A few months ago, my colleague Rebecca installed a candy dispenser in our kitchen here at AdaCore. I don’t remember how exactly, but I was challenged to make it more… fun.
So my idea is to add a touch screen on which people have to answer questions about Ada or AdaCore’s technology, and to modify the dispenser so that people only get candy when they give the right answer. (Evil, isn’t it?)
For this, I will use the great STM32F469 discovery board with a 800x600 LCD and capacitive touch screen. But before that, I have to hack the candy dispenser....
Hacking the dispenser
The first thing to do is to hack the candy dispenser to be able to control the candy delivery system.
The candy dispenser is made of :
- A container for the candies
- A motor that turns a worm gear pushing the candies out of the machine
- An infrared proximity sensor which detects the user’s hand
My goal is to find the signal that commands the motor and insert my system in the middle of it. When the dispenser will try to turn on the motor, it means a hand is detected and I can decide whether or not I actually want to turn on the motor.
To find the signal controlling the motor, I started by looking at the wire going to the motor and where it lands on the board. It is connected to the center leg of a “big” transistor. Another leg of the transistor is tied to the ground, so the third one must be the signal I am looking for. By following the trace, I see that this signal is connected to an 8 pin IC: it must be the microcontroller driving the machine.
At this point, I have enough info to hack the dispenser, but I want to understand how the detection works and see what the signal is going to look like. So I hook up my logic analyser to each pin of the IC and start recording.
Here are the 3 interesting signals: infrared LED, infrared sensor, and motor control.
The detection works in 3 phases:
- Wait: The microcontroller is turning on the infra-red LED (signal 01) only 0.2 milliseconds every 100ms.This is to save power as the machine is designed to be battery powered.
- Detection: When something is detected, the MCU will then turn on the infra-red LED 10 times to confirm that there’s actually something in front of the sensor.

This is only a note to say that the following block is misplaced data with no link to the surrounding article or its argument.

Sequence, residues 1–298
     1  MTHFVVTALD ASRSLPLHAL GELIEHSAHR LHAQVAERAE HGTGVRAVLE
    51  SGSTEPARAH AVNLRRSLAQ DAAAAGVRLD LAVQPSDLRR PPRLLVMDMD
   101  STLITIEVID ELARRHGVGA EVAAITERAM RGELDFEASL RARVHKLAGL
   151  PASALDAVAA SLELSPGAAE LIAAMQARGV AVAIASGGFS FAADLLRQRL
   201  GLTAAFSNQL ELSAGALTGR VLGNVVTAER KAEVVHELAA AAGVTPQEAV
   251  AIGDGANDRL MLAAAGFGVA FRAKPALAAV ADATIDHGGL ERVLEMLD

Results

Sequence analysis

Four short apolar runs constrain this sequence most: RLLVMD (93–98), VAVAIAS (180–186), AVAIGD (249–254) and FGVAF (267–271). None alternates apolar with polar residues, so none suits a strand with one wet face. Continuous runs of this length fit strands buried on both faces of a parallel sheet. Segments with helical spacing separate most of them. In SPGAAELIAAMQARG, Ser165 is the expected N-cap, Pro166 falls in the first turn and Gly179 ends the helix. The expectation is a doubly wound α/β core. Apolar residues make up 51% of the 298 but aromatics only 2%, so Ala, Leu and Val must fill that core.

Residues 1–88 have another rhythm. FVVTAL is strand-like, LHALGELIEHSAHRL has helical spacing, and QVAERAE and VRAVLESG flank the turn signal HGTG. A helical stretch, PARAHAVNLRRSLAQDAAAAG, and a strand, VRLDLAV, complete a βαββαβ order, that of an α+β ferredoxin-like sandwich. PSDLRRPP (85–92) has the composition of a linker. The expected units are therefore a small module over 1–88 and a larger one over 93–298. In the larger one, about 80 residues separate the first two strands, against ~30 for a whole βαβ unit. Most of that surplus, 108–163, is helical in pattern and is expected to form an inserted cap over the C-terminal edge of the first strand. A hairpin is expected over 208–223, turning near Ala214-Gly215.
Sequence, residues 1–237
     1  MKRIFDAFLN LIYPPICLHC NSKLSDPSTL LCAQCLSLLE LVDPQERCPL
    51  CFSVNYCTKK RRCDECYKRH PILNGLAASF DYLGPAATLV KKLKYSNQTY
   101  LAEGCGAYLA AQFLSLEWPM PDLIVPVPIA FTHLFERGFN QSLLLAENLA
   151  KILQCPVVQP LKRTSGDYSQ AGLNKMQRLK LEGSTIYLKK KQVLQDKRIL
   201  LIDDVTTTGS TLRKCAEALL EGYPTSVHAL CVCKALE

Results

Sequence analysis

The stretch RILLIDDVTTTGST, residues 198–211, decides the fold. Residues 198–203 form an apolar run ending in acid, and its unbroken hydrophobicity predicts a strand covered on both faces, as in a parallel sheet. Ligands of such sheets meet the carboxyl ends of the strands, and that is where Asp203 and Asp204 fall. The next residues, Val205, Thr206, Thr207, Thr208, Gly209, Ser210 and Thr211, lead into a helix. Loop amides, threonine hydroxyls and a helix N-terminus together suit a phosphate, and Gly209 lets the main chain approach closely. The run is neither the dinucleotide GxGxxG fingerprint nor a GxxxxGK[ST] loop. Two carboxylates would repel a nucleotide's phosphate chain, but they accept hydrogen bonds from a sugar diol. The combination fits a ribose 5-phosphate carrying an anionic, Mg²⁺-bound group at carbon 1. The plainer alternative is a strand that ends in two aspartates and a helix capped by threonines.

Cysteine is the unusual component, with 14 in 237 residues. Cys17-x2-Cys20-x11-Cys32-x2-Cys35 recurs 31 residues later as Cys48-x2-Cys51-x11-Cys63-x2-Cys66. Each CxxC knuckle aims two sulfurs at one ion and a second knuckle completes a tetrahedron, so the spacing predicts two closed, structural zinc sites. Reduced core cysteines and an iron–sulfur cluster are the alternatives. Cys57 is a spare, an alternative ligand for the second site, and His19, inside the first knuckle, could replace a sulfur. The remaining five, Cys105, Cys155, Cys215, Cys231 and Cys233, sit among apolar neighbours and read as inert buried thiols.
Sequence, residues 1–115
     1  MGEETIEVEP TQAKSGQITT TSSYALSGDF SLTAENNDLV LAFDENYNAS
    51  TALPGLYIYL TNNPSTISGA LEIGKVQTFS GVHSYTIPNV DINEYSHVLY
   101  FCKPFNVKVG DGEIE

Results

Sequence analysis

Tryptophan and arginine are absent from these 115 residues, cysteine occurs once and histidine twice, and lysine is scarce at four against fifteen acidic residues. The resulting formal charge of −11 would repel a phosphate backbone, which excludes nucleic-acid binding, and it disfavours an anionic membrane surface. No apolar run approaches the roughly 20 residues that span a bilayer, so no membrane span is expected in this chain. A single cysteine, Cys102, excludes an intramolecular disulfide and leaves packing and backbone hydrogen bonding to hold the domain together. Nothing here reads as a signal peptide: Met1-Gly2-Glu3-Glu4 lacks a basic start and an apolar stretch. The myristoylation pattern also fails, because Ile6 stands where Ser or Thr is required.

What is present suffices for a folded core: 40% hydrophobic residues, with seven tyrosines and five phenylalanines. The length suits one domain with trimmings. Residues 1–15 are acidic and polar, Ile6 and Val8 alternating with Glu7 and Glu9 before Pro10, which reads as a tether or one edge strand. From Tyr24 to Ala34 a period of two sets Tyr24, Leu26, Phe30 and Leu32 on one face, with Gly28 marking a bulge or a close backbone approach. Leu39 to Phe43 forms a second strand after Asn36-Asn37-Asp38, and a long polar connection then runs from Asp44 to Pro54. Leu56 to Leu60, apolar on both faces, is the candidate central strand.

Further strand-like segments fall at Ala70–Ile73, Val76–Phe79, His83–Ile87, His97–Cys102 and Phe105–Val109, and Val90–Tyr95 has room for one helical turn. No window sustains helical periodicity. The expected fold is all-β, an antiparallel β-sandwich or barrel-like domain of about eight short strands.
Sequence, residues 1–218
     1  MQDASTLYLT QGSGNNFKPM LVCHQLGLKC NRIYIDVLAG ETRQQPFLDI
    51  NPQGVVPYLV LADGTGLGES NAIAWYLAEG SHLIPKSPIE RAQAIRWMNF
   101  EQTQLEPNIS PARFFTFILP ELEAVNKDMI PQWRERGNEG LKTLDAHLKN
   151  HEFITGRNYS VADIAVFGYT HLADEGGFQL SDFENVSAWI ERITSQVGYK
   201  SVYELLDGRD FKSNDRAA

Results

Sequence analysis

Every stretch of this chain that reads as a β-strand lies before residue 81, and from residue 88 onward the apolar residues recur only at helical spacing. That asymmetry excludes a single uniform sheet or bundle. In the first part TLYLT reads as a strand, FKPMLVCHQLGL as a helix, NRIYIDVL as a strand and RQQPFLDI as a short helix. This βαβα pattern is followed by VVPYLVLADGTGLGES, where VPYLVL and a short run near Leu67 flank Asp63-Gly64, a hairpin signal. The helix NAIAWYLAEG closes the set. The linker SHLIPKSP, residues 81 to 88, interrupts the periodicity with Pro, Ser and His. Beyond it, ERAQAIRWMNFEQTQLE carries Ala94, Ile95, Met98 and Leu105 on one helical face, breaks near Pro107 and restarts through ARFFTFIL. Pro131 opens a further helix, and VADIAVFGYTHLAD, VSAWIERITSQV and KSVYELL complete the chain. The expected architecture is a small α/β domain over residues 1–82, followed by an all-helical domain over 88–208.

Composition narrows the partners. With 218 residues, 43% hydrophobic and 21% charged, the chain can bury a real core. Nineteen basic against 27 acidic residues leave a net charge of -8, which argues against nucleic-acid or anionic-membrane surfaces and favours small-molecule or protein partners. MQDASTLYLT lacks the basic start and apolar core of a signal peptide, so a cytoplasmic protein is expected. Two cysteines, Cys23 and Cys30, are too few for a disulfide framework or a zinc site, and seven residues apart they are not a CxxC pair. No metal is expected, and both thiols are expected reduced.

- Delivery: The motor is turned on for a maximum of 300ms. During that period the MCU checks every 20ms to see if the hand is still in front of the sensor (signal 03).
This confirms that the signal controlling the motor is where I want to insert my project. This way I let the MCU of the dispenser handle the detection and the false positive.
I scratched the solder mask, cut the trace and solder a wire to each side. The green wire is now my detection signal (high when a hand is detected) and the white wire is my motor command.
I ran those two wires with an additional ground wire down to the base of the dispenser and then outside to connect them to the STM32F469 discovery board.
The software side is not that complicated: I use the GPL release of GNAT and the Ravenscar run-time on an ARM Cortex-M on the STM32F469. The green wire coming from the dispenser is connected to a GPIO that will trigger an interrupt, so whenever the software gets an interrupt it means that there’s a hand in front of the sensor. And using another GPIO, I can turn on or off the dispenser motor.
For the GUI, I used one of my toy projects called Giza: it’s a simple graphical tool kit for basic touch screen user interface. The interfaces has two windows. The first window shows the question and there is one button for each of the possible answers. When the player clicks on the wrong answer, another question is displayed after a few seconds; when it’s the right answer, the delivery window is shown. On the delivery window the player can abort by using the “No, thanks” button or put his hand under the sensor and get his candies!
The code is available on GitHub here: https://github.com/Fabien-Chouteau/AMCQ
Now let’s see what happens when I put the candy dispenser back in the kitchen: